How Obsessing Over Songs Helped Me Slow Down Time

We’re ending the year with personal essays from The FADER staff. Today, Khalila Douze on the catharsis of repeat listening.

December 16, 2015

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About 45 seconds into Tory Lanez’s RL Grime-produced “In For It,” a booming bass drum kicks in on the heels of an intro that seems to signal impending doom. Throughout the track, Lanez issues hoarse incantations against a backdrop of industrial, hollow clangs and menacing tones. For a song that’s supposed to be about getting it on, “In For It” has a really sinister quality that manages to feel both sensual and aggressive at the same time. It sounds like a battle is coming—like you’re about to go to war. Since it dropped in April, I have listened to it close to five hundred times.


“In For It” is one of several songs that I excessively latched onto this year. It has an addictive quality that makes it easy to listen to over and over again in one sitting. I developed my attachment to it around the same time that I ended a long-term relationship. Something about its darkness empowered me to embrace anxieties about being alone. Just hit a fifth of the bottle/ And I’m in for it, I’m in for it, Tory chants. I recognized a curiosity for no-strings-attached encounters through this song. It soundtracked a period of my year where I otherwise felt vulnerable to my thoughts and emotions.

Kelela’s “All The Way Down” is another song that I listened to incessantly this year. Her soft, flute-like vocals perfectly complement DJ Dahi’s instrumentals, and I played this song anywhere and everywhere for at least four straight weeks in the fall. I listened to Kelela as I settled into the third temporary apartment I’ve lived in this year, and as I coincidentally dyed my hair to its third color several weeks later. I leaned on “All The Way Down” as I processed my parents’ plans to each move to a new country in 2016. I suppressed new anxieties—this time not about being alone, but about not knowing what to expect from life in the near future—by listening to it over and over again. Listening repetitively also had another benefit: the feeling of slowing down time, stretching a moment into infinity.

In a recent episode of The Organist podcast, philosopher Simon Critchley suggested that the passage of time isn’t linear and can specifically be traced by episodic moments. “Life is something which is punctuated by a series of episode blips,” he explains. “And those episodic blips can be linked to specific musical experiences—songs.” There’s a consistency and steadiness to life that emerges from playing a song on repeat. I anticipate all the chord changes on “All The Way Down," I know the verses by heart, and I can pinpoint the exact moment in the song when I know I’m already looking forward to hearing the beginning again. Knowing what’s coming next has meant more to me this year than ever.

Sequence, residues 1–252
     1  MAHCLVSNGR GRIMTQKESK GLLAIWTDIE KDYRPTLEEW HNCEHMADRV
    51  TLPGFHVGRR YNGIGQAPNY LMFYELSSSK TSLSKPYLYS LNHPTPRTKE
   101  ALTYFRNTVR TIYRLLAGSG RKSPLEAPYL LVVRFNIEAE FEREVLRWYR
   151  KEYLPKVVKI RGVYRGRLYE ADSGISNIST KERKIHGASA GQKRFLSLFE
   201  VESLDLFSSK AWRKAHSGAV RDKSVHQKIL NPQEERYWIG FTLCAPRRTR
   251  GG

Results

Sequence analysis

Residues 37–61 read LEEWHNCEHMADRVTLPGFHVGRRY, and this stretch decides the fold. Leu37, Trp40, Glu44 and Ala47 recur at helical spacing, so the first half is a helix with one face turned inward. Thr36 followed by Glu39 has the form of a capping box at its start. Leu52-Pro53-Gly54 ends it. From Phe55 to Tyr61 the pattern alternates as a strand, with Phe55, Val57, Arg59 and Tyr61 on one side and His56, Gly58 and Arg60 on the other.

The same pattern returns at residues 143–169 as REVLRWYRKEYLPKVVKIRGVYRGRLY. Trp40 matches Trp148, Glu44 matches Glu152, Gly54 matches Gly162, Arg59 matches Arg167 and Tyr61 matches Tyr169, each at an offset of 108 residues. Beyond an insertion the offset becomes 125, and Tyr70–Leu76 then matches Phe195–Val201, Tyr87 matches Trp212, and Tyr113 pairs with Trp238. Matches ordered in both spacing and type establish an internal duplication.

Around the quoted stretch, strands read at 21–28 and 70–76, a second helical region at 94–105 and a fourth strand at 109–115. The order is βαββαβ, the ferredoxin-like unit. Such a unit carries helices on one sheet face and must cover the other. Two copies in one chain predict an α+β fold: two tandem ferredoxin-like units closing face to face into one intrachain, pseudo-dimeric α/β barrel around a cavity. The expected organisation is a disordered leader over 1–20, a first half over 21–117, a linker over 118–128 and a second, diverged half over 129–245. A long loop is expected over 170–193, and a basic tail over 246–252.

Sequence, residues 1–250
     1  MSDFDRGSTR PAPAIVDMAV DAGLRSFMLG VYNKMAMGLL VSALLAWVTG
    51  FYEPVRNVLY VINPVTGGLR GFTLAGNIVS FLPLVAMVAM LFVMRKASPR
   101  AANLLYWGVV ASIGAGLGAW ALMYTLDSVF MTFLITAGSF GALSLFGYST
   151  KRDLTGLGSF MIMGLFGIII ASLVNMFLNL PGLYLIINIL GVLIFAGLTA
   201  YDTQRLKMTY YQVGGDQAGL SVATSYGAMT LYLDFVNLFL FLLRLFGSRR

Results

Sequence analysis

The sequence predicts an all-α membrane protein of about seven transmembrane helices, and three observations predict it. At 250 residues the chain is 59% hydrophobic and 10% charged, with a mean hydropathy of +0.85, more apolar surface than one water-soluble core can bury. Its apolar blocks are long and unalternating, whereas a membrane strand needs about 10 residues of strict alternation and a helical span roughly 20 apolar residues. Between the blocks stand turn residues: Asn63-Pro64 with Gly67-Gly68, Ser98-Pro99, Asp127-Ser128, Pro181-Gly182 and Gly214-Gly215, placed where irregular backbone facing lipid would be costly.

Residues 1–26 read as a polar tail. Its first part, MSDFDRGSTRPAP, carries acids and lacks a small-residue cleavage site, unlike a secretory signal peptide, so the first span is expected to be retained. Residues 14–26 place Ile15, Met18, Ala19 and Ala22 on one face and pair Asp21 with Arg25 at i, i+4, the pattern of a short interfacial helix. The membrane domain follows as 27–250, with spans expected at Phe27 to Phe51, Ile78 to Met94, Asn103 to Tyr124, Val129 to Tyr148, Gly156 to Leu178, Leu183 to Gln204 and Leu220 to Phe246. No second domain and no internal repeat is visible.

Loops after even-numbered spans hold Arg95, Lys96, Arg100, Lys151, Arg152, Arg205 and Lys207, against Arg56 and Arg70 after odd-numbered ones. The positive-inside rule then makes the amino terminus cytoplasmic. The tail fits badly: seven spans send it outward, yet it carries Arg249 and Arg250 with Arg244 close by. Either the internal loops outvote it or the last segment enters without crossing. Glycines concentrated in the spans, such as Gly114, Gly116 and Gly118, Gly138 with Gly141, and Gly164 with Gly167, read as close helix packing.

“Listening to this song was the most tangible way I could find to check out of everything and just exist.”—Khalila Douze

When thinking about my year, it’s these one-off tracks that truly stand out and help me trace the steps I’ve taken over these last 12 months. One song that I played all year long, indulging in it in doses, was Ghanaian rapper Sarkodie’s “Chingham (feat. Bisa Kdei).” It didn't come out this year but it was new to me, and I would casually come back to it anytime I needed a cognitive escape. It has a free-spirited melody, and an easy rhythm—one that instantly makes me want to dance. It was a song I needed when the world seemed at its worst throughout this year; when I couldn’t find the words to address my feelings about the racially motivated killing and uprooting of innocent lives. It gave me a sense of control over my reality. Listening to this song was the most tangible way I could find to check out of everything and just exist.

“I consciously retain my stupidity when it comes to music,” Critchley asserted in The Organist episode. “And it’s a sheer source of seemingly endless pleasure.” What he categorizes as stupidity—the suspension of thought in the presence of a perfect “pop” song—I’ve decided to embrace as self-care. I have never felt more adult than I did this year: not being with family for the holidays and being okay with that, paying bills on time and actually keeping track of my credit score, coming to terms with life playing out so unexpectedly. This year, I found myself in entirely new situations without knowing how I’d deal with them. In 2015, playing specific songs on repeat for pockets of time has been my way of stopping the clock on an over-saturation of information and feelings. Processing emotion and curtailing anxiety is hard work. But, no matter the circumstance, playing the right mind-numbing song on repeat can be the most rewarding form of catharsis.

How Obsessing Over Songs Helped Me Slow Down Time